5. Flick your control mode switch and check to see which channel its on. GER, PIT, AX2 or AX3.
6. While watching the control mode switch postition on the naza assistant,
Remember the two percentages of travel for the CMS channel (we will be changing it back to this when we are done)
Now change the travel on the control mode channel servo travel until the tab moves away from either GPS or MAN. Move it to failsafe.
7. Once failsafe lights up blue, exit the assistant, unplug the copter from the pc, turn the copter off and then the transmitter.
9. Make sure everything is turned off.
10. Insert the bind plug into the bind port on the receiver
11. Plug in the copter/receiver. The receiver LED will start flashing. This indicates its looking for something to bind to.12. NOW REMOVE THE BIND PLUG BEFORE TURNING ON THE TRANSMITTER! LED will continue to flash.
13. Make sure your transmitter is OFF.
14. Now hold down the trainer button while powering on the transmitter. Hold the button until it says its binding and displays DSMX.
Then release the trainer/bind button.
15. Once binding is complete the transmitter will reboot and go into normal flight mode. The LED on the receiver will now be solid.
16. Preset Failsafe binding is now complete.FIX THE SERVO TRAVEL & TEST THE FAILSAFE
1. On the transmitter, go to Function List, then Servo setup then change the channel travel percentages back to what they were before.
2. Plug everything into the PC and check to see if the channel performs correctly. Must be able to select GPS, ATTI and MAN.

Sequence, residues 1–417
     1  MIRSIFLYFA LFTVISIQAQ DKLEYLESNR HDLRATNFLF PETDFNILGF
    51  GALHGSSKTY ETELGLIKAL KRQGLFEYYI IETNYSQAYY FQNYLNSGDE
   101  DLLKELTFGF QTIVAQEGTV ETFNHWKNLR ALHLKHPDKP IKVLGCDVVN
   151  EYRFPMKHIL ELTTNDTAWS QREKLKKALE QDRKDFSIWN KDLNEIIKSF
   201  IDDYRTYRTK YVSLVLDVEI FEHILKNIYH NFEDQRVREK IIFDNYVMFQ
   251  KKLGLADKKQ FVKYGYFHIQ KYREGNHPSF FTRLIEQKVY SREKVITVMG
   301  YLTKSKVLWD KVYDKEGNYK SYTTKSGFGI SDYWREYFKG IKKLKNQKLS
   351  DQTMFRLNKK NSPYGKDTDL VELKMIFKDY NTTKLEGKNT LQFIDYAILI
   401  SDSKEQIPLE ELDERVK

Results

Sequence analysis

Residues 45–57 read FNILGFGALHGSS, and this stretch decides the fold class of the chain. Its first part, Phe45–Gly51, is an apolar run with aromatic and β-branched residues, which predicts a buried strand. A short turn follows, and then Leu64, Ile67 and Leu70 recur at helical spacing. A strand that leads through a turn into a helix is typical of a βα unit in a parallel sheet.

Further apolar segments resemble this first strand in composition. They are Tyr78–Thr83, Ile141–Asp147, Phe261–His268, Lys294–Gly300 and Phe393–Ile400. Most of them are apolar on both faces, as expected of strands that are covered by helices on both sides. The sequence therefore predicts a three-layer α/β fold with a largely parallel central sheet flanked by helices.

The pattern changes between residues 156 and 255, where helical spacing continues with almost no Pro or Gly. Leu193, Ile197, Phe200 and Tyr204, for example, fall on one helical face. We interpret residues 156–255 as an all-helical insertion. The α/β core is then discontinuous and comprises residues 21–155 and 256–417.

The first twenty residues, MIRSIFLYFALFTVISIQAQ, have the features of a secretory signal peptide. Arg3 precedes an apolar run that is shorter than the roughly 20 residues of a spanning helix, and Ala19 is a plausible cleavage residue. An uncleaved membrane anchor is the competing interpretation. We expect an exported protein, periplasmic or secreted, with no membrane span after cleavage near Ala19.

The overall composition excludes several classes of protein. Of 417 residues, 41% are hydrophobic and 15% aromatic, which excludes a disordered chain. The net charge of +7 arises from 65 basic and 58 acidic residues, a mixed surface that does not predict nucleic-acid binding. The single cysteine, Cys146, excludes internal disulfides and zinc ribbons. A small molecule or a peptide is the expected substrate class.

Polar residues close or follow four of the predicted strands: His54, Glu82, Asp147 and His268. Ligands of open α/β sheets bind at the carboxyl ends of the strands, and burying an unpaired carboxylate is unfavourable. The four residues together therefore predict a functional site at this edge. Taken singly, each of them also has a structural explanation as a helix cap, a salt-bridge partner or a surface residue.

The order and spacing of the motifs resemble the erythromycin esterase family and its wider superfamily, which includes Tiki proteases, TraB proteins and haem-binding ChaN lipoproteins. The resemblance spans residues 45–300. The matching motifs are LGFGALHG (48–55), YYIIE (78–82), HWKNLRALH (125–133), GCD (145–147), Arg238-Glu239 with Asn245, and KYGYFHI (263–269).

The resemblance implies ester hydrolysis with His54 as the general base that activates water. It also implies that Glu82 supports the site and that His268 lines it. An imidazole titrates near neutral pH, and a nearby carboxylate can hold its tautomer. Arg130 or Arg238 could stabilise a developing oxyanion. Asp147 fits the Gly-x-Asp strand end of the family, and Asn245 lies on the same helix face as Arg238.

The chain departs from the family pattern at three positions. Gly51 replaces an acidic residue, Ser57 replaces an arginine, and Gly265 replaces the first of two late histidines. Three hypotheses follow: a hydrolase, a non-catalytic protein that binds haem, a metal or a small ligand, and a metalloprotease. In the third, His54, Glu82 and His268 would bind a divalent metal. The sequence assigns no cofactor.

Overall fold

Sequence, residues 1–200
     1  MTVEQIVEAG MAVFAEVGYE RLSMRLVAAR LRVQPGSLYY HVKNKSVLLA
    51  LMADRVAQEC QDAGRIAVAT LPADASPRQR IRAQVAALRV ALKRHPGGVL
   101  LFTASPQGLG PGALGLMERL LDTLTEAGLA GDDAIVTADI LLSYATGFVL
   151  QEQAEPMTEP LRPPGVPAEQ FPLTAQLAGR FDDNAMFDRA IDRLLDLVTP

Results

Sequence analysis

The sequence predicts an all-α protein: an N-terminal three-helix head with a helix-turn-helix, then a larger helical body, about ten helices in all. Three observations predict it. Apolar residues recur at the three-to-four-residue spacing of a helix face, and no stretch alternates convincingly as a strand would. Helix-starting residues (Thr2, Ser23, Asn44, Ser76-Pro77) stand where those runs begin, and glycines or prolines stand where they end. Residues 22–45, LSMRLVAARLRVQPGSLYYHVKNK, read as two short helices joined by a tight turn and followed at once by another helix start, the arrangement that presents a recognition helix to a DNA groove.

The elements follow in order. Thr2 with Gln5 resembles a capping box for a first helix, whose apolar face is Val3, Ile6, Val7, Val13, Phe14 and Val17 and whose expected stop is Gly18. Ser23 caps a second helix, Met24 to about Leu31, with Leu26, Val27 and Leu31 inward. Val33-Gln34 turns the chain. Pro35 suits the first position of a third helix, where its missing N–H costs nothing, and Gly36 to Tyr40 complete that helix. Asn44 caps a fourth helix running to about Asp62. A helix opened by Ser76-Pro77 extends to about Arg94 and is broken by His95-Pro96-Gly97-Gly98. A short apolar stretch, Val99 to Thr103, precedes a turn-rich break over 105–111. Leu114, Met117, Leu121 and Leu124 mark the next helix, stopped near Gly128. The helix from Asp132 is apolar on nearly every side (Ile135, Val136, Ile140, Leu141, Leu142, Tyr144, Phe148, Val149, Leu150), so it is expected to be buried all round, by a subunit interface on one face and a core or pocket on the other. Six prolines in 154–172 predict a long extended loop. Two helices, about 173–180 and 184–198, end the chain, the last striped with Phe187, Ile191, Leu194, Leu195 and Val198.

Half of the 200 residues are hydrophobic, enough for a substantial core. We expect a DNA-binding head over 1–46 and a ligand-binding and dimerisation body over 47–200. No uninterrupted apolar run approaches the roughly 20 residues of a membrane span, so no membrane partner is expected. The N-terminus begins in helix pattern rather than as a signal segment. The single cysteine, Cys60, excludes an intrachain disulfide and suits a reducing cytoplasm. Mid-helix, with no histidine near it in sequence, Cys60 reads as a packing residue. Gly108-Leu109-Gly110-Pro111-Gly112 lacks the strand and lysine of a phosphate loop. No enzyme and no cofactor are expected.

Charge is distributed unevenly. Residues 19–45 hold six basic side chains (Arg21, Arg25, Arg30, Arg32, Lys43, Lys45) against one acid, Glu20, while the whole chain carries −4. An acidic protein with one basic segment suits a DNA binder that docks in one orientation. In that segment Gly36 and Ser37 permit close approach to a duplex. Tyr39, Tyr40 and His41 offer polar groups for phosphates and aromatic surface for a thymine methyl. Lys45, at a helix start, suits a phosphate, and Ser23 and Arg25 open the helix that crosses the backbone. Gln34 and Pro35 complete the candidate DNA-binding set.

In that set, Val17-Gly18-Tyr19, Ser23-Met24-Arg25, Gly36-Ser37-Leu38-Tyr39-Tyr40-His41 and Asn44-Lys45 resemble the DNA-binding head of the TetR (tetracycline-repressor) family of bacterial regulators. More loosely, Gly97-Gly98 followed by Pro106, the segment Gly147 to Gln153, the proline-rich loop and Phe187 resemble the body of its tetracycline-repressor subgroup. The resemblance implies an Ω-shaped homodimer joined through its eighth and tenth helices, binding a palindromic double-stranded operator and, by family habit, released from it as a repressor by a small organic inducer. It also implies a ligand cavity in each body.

3. While wathcing the channel position, turn off your transmitter. It should light up the failsafe on the Naza assistant bar.
4. If it doesnt, start with step 1 of SET FAILSAFE FOR TX SIGNAL LOSS

 I take no credit for the following information but thought I would share the exact steps with you and hopefully you can get your failsafe to work with the following steps.  I would like to thank GRIMX from rcgroups for posting this info as I found it extremely helpful and following the exact steps posted helped me immediately the first time. I hope this helps.
P.S. –  here is the link to that exact list of instructions if you are looking for it …….
GRIMX is online now Find More Posts by GRIMX

Amazon Prime Air Deliveries — Concerns ?

By now there is a pretty good chance you’ve heard about Amazons announcement a couple weeks ago in regards to their drone package delivery experiment.  I have no doubts that within time it would actually be a really good program for them when it comes to delivering small packages and hopefully they will be able to support all the issues involved in this type of thing.   Those of us who have already been in the hobby for sometime are well aware of the potential risks involved with rc helicopters,  multi rotors and rc airplanes etc and how badly things can go if your not well prepared to deal with them.    There are all sorts of things that can happen with quad copters such as a lipo catching fire,  or having the quad fall from the sky which could do quite a bit of damage even if it only weighed something under 8 lbs , or whether it fell on someone or crashed through the window of a house or dropped on vehicles on a road way causing an accident.    There are quite a few hobbyists and aerial video professionals who are also well aware of controller boards that have been known to cause the multi rotor to “fly away”  and not knowing where in the area it could have possibly ended up which is obviously  a pretty expensive loss for some.   I recently came  across an article that discussed this interesting delivery idea of Amazons where it was mentioned that the drones ,  a.k.a. the quad copter,  could potentially be moved with the delivery vehicle to the particular area of the city where packages would be delivered.